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Cyber Citizens: More Than Teachable Moments

Internetsafety While kids still know the bullies sitting in back of them, yanking at their hair, today’s cyber thugs can remain completely hidden, which makes the terror worse. Turning everything off and pulling the plugs isn’t the answer, but simply teaching students to be cyber citizens can. These lessons need to be as planned as any lessons taught today, and structured in such away as to be part of every lesson taught with digital devices. No excuses here, this is a job educators can do, and it is beyond just a random teachable moment.

Use student mission statements and reminders often.

How and where to teach cyber citizenship is just a modern extension of the old-fashioned citizenship once taught. Having students write mission statements is a good start. Students who write what they stand for, what makes them the person they are, what they expect from others as well as themselves, and how they’d like others to see them and treat them is one of the most useful parts of being a good citizen. That written statement can be revisited and modified often. It is a reminder. Anyone who has taught students knows that reminders need to happen often. Assuming that something is covered, just because you’ve spent a few days, or an earlier semester covering it, doesn’t work with kids. Students need constant reminders, and cyber citizen reminders are no different than walking in the hall reminders, or how to behave at lunch reminders. I’m certain the latter are repeated daily.

Most educators will need help with this.

It shouldn’t be the domain of the health teacher, or guidance person. It may be in the realm of the instructional technology educator. That person often teaches student and teachers, as well as parents how to and about technology. That said, a multi-staffed approach would be ideal, too, similar to the teaming for humanities classes or multi-departmental lesson collaboration. Teaching cyber citizenship is the responsibility of everyone—all staff—and parents need to be in on it, too.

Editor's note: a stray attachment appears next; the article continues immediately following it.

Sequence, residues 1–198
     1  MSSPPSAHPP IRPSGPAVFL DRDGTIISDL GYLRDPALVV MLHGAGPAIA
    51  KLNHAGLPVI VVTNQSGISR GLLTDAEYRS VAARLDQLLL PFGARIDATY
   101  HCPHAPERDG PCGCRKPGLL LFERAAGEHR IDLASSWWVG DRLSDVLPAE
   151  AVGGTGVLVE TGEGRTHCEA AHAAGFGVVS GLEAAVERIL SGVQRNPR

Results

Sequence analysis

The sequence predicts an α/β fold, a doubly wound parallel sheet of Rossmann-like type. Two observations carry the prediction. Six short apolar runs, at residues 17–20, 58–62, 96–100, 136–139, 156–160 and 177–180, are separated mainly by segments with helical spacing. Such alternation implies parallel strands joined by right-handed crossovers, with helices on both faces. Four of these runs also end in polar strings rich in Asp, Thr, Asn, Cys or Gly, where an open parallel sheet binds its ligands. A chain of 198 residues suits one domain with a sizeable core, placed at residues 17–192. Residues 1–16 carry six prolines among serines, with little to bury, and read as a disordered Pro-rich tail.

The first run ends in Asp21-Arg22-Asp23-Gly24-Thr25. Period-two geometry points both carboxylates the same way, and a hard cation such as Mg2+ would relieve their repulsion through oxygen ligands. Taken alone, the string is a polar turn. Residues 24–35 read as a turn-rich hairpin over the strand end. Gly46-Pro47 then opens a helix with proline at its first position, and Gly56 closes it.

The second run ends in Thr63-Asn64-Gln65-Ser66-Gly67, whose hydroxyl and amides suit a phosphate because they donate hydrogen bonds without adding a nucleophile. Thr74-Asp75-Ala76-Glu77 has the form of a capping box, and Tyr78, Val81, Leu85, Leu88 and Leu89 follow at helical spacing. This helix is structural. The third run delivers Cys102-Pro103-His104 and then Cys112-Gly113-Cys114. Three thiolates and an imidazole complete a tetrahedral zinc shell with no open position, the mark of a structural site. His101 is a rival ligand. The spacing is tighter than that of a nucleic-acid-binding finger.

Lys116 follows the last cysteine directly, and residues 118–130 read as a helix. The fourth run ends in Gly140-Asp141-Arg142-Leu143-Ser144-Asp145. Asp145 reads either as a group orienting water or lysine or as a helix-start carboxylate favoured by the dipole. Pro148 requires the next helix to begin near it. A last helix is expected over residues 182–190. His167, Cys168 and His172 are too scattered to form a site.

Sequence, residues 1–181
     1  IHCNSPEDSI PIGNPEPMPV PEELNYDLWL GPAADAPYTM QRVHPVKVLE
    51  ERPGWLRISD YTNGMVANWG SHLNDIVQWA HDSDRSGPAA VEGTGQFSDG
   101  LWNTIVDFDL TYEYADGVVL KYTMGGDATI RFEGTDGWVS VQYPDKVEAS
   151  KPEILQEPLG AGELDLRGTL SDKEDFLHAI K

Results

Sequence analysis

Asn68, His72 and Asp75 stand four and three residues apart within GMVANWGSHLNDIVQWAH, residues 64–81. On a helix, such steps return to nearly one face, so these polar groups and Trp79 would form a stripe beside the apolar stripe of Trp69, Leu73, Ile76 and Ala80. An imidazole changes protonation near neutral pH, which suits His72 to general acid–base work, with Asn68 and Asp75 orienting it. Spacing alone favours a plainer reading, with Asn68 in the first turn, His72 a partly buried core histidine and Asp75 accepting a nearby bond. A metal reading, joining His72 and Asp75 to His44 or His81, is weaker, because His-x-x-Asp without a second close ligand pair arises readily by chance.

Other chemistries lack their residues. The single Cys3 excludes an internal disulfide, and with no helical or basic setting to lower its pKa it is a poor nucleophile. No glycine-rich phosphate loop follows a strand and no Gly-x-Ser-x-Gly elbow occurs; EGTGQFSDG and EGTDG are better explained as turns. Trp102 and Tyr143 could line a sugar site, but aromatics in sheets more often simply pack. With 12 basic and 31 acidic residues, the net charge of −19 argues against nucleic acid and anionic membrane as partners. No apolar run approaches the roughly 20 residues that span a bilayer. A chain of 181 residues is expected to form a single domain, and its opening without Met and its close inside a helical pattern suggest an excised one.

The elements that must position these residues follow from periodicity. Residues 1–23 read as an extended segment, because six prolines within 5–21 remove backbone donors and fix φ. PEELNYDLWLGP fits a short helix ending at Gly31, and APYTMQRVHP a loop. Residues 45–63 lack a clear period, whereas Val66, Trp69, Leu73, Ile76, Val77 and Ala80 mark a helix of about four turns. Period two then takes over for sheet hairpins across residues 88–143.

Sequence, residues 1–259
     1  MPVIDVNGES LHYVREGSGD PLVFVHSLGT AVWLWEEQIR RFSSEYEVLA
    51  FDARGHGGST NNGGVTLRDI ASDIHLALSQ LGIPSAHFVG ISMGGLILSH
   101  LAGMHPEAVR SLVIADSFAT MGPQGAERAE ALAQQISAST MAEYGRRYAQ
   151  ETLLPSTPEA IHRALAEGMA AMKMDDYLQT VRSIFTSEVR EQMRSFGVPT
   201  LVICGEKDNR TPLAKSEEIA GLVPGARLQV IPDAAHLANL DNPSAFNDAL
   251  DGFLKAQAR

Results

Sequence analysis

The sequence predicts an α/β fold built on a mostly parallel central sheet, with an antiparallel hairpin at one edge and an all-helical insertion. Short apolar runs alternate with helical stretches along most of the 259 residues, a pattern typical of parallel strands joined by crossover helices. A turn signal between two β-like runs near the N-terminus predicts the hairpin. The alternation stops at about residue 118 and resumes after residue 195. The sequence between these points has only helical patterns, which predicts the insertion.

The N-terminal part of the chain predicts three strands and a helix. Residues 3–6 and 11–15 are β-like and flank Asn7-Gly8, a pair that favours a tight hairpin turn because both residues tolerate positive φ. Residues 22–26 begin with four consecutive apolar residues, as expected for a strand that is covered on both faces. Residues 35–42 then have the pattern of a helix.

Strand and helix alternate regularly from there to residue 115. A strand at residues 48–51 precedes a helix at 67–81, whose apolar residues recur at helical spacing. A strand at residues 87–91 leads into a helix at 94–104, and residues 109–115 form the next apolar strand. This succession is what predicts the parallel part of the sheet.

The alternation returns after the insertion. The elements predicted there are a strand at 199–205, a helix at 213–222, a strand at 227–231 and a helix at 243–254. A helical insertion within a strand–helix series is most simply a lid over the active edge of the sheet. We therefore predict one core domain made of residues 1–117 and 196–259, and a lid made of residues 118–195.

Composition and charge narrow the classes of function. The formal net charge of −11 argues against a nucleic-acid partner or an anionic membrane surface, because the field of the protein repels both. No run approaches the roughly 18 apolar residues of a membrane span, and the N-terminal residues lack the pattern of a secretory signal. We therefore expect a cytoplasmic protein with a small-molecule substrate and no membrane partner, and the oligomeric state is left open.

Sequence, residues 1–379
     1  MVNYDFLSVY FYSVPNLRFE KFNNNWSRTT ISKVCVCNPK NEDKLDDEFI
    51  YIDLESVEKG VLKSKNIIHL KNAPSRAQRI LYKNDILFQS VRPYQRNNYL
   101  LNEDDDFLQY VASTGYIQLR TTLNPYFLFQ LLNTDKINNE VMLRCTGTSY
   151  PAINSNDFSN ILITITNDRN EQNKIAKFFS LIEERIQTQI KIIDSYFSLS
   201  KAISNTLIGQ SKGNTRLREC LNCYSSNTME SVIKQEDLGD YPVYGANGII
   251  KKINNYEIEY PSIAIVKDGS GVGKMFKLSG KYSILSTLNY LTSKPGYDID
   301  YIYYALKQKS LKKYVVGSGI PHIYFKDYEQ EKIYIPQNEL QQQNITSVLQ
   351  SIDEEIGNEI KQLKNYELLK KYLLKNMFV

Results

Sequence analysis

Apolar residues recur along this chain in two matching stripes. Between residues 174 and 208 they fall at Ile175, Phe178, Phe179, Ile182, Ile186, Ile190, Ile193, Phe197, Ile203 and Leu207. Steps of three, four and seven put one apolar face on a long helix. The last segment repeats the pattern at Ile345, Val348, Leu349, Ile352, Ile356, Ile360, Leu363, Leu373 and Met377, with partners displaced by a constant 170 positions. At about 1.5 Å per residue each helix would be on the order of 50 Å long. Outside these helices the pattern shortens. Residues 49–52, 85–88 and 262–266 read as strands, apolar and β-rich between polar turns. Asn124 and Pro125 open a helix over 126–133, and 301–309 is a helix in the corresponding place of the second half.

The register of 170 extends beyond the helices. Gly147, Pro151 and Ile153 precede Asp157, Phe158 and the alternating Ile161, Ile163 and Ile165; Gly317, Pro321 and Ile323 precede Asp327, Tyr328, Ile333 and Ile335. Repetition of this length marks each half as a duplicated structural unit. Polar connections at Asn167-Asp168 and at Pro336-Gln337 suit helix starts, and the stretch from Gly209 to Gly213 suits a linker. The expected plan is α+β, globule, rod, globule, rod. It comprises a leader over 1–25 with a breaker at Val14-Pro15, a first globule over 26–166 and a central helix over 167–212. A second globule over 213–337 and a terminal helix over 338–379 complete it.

Change course if instructional technology educators are using student computer time for keyboarding.

Keyboarding is something that requires individual practice, and not group instruction. Instructional technology educators would be better utilized if they shared and modeled different digital tools and technologies, and with each lesson, taught the responsibilities of using those tools and technologies. Those technology lessons and good cyber citizen values should then be amplified in regular classrooms. Forgetting them until the next computer lab, or for a week, is like returning an unread book from a locker to the library. Good intensions, but missed value and impact. Cyber citizenship and citizenship in general needs to be continuous priority schoolwide.

Administrators are a powerful resource for change here.

Simply a comment in the morning announcements or end of day makes a difference. Something like, “We’d like you to have a wonderful day today. Remember to be kind and courteous to everyone you know, and those you meet in person or in a cyber way today. Live your mission statements.” And sharing a line from one of those mission statements can’t hurt either. These shouldn’t be private. Maybe the administrator shares one, but possibly before the start of a class the teacher shares one. It doesn’t take long, and it can be done throughout the day. Students model missions for each other. Make sure that revisiting mission statements is in the plans as well. They should be as under construction as students’ knowledge and growth throughout the year, and throughout the grades. Furthermore, the lessons learned can continue for life.

Unified and continuous campaign

There are companies with product solutions that can be looked at for helping students understand cyberbullying, but making it a continuous schoolwide citizenship campaign is a must. Looking at it simply, if an lone teacher campaigns against students running in the halls—students will slow down near that teacher and run everywhere else. Schools and districts must be cyber citizen unified. Citizenship and now cyber citizenship needs to be woven into every class and every lesson, and extended to the home as well.

Make a dent in a positive way

I’m not sure whether there is anything that will work 100% against bullies of any kind, but lessons in citizenship and proper behavior for using digital tools by educators and parents can make a dent. It is not done in a day, a week or semester, and it is much more than a teaching moment.

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Well said, Ken. Patricia Agatston, a national expert on cyber bullying, talks about creating a culture that emphasizes positive behaviors to the exclusion of those bad behaviors. Check out her presentation: http://www.learning.com/internetsafety/

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